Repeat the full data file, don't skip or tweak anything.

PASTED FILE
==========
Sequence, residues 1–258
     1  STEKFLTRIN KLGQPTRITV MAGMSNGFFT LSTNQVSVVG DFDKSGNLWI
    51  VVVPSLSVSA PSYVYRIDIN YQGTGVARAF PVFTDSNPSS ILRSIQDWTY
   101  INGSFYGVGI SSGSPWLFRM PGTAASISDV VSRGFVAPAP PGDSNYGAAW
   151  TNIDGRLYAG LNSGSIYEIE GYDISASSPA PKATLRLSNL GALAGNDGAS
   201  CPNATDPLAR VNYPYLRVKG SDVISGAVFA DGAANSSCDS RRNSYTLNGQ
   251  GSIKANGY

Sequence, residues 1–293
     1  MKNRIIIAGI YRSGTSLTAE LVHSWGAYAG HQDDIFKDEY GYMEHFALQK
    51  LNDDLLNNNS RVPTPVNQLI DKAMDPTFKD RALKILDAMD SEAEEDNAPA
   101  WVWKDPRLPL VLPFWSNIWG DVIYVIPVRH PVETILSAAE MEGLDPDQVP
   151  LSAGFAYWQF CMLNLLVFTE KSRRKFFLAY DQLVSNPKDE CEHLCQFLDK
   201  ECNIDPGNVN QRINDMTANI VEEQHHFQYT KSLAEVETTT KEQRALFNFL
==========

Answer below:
Sequence, residues 1–258
     1  STEKFLTRIN KLGQPTRITV MAGMSNGFFT LSTNQVSVVG DFDKSGNLWI
    51  VVVPSLSVSA PSYVYRIDIN YQGTGVARAF PVFTDSNPSS ILRSIQDWTY
   101  INGSFYGVGI SSGSPWLFRM PGTAASISDV VSRGFVAPAP PGDSNYGAAW
   151  TNIDGRLYAG LNSGSIYEIE GYDISASSPA PKATLRLSNL GALAGNDGAS
   201  CPNATDPLAR VNYPYLRVKG SDVISGAVFA DGAANSSCDS RRNSYTLNGQ
   251  GSIKANGY

Sequence, residues 1–293
     1  MKNRIIIAGI YRSGTSLTAE LVHSWGAYAG HQDDIFKDEY GYMEHFALQK
    51  LNDDLLNNNS RVPTPVNQLI DKAMDPTFKD RALKILDAMD SEAEEDNAPA
   101  WVWKDPRLPL VLPFWSNIWG DVIYVIPVRH PVETILSAAE MEGLDPDQVP
   151  LSAGFAYWQF CMLNLLVFTE KSRRKFFLAY DQLVSNPKDE CEHLCQFLDK
   201  ECNIDPGNVN QRINDMTANI VEEQHHFQYT KSLAEVETTT KEQRALFNFL